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dc.contributor.authorMiriti, Dinah Muthoni
dc.contributor.authorMuthini, John Maingi
dc.contributor.authorNyamache, Anthony Kebira
dc.date.accessioned2023-07-04T08:16:31Z
dc.date.available2023-07-04T08:16:31Z
dc.date.issued2023
dc.identifier.citationMiriti, D. M., Muthini, J. M., & Nyamache, A. K. (2023). Study of bacterial respiratory infections and antimicrobial susceptibility profile among antibiotics naive outpatients visiting Meru teaching and referral hospital, Meru County, Kenya in 2018. BMC microbiology, 23(1), 1-8.en_US
dc.identifier.urihttps://doi.org/10.1186/s12866-023-02905-x
dc.identifier.urihttp://ir-library.ku.ac.ke/handle/123456789/26057
dc.descriptionArticleen_US
dc.description.abstractObjective Respiratory tract infections cause significant morbidity and mortality globally and are the most common infectious diseases in humans. This study aims at assessing the presence of bacterial respiratory infections, number of people infected and antimicrobial susceptibility profile among antibiotic naïve outpatients presenting with respiratory tract infections in Meru Teaching and Referral Hospital. Methods The study was conducted in Meru Teaching and Referral Hospital, Meru County from April 2017 to August 2018. Upper respiratory infections were characterized by acute infection of nasal cavity, pharynx and larynx while lower respiratory infections were characterized by chest pains, prolonged cough, productive sputum, difficulty in breathing, fever and weight loss. A total of 384 sputum and throat samples were collected aseptically from patients who were clinically suspected to have respiratory infections and cultured in blood agar, MacConkey agar and chocolate agar. Bacterial isolates were identified by colonial morphology, Gram stain and confirmed by biochemical tests. Antimicrobial susceptibility profile was determined using agar disc diffusion method. Results Respiratory bacterial pathogens were isolated in 45.6% of the samples. The prevalence of the bacteria species isolated were as follows Pseudomonas species (36.6%), Klebsiella species (20.6%), Staphylococcus aureus (16.6%), Streptococcus pyogenes (13.7%), Streptococcus pneumoniae (10.3%) and mixed isolates (2.3%). Amoxicillin and ampicillin recorded the highest resistance rate. Most of the isolates displayed high level of resistance to more than two antibiotics. Although multidrug resistance is reported in the study, gentamicin, amikacin and cefuroxime are recommended as the antibiotics of choice against bacterial isolates obtained. Conclusion Bacterial respiratory infections were prevalent in the study area and the isolates obtained showed resistance to commonly used antibiotics such as amoxicillin, ampicillin, ciprofloxacin piperacillin ciprofloxacin, ceftazidime, piperacillin-tazobactam and cephalexin. Therefore need for a continuous surveillance of antimicrobial resistance in management of respiratory infections in the study areaen_US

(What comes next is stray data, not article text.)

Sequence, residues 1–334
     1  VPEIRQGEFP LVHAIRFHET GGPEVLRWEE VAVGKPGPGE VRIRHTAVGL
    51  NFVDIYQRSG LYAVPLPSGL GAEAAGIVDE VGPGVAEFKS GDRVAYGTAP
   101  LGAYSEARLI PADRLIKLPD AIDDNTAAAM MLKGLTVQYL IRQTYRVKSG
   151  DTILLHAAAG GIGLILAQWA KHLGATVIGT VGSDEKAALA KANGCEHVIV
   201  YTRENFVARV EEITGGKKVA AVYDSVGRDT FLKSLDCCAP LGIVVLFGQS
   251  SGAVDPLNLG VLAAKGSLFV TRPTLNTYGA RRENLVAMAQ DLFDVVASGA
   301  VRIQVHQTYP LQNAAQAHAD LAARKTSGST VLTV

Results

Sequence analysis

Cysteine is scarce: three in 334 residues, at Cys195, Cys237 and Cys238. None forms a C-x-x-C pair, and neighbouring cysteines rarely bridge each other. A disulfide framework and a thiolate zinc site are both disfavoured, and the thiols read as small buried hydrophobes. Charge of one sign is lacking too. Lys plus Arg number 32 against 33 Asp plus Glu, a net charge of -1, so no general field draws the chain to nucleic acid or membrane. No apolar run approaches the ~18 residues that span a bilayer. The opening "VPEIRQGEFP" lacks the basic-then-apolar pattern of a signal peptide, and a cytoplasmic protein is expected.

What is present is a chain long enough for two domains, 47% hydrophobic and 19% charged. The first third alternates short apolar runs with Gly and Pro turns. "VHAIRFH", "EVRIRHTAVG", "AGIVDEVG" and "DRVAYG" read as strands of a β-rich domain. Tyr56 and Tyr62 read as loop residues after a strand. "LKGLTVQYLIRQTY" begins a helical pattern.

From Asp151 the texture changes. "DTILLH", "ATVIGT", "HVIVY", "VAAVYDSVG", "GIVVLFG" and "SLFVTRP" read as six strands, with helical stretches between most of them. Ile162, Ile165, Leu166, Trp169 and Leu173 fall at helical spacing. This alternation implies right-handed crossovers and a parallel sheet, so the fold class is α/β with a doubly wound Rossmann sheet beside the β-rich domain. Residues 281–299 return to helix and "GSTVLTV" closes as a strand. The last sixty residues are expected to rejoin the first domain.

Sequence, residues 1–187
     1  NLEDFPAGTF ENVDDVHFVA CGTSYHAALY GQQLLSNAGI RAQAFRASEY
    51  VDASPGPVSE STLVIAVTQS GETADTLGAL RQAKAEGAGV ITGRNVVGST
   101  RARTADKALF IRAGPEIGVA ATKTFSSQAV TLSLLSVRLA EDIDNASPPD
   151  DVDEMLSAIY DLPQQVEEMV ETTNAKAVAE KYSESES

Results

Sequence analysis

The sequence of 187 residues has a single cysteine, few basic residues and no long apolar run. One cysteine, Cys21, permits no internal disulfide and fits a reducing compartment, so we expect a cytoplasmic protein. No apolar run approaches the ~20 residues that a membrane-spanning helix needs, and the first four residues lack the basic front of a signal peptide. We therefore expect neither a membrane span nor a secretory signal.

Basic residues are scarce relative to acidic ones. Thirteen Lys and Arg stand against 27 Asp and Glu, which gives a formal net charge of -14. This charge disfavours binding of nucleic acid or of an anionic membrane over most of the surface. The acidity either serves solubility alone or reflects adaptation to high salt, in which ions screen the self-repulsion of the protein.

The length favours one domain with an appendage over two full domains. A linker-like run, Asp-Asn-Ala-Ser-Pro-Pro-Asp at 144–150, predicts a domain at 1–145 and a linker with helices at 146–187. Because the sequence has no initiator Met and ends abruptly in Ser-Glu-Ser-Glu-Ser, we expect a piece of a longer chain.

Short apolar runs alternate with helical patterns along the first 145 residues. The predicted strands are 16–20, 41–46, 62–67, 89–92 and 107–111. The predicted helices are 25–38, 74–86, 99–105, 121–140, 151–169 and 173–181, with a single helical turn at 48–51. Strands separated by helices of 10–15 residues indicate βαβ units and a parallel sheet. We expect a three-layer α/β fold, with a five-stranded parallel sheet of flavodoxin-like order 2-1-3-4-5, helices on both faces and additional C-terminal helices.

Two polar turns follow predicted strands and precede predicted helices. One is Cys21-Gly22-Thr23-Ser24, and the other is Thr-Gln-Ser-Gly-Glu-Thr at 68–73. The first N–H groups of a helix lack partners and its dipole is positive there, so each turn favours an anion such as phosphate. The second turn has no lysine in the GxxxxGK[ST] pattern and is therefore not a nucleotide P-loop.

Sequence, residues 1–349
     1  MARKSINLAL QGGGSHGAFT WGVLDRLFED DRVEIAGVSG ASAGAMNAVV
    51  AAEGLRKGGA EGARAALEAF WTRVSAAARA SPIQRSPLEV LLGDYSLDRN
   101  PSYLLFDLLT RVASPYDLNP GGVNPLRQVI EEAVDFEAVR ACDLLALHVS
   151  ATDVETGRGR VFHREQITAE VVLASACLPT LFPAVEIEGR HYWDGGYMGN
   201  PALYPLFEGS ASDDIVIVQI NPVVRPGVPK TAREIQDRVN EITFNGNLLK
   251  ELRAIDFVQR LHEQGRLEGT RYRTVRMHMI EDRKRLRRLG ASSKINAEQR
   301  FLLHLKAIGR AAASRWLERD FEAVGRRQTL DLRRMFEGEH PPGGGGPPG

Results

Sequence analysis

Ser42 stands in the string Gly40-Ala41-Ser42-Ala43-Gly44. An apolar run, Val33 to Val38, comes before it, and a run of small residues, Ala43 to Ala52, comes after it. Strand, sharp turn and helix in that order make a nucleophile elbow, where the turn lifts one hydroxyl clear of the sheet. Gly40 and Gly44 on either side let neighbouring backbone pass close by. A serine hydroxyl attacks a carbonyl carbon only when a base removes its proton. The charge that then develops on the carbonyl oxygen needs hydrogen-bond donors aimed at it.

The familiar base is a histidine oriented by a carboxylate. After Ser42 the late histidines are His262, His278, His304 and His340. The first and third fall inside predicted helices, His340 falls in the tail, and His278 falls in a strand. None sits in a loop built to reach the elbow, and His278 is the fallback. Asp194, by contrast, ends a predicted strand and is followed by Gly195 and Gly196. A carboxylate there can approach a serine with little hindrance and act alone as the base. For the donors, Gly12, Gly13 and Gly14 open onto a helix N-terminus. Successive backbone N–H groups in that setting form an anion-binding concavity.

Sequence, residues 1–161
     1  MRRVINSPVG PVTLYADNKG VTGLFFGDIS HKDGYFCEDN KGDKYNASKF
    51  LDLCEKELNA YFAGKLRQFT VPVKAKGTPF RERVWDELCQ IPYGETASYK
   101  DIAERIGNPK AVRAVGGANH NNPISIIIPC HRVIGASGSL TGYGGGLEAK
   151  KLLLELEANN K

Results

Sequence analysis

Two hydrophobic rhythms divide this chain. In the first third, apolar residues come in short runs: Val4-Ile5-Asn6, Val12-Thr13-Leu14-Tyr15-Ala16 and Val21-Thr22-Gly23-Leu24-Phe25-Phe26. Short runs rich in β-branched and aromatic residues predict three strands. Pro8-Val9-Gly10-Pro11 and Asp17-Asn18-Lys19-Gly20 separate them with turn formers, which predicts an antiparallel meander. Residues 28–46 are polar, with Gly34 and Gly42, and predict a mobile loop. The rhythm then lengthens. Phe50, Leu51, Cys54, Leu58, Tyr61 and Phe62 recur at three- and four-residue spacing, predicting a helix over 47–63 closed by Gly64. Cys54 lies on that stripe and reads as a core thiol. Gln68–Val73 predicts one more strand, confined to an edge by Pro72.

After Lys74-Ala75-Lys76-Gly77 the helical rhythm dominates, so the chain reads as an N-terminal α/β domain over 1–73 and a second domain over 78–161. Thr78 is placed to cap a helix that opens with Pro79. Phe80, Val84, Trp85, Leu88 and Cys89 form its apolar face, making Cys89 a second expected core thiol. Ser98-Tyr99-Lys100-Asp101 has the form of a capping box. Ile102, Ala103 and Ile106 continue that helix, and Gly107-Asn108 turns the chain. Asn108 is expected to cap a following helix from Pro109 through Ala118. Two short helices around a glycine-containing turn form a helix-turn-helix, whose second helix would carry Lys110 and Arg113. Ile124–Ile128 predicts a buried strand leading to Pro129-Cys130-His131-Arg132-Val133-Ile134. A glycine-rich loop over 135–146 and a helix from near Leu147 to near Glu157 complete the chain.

dc.language.isoenen_US
dc.publisherBMC Microbiologyen_US
dc.subjectPrevalenceen_US
dc.subjectAntimicrobial susceptibilityen_US
dc.subjectRespiratory infectionsen_US
dc.subjectBacteria isolatesen_US
dc.subjectAntibioticsen_US
dc.titleStudy of Bacterial Respiratory Infections and Antimicrobial Susceptibility Profile among Antibiotics Naive Outpatients Visiting Meru Teaching and Referral Hospital, Meru County, Kenya in 2018en_US
dc.typeArticleen_US


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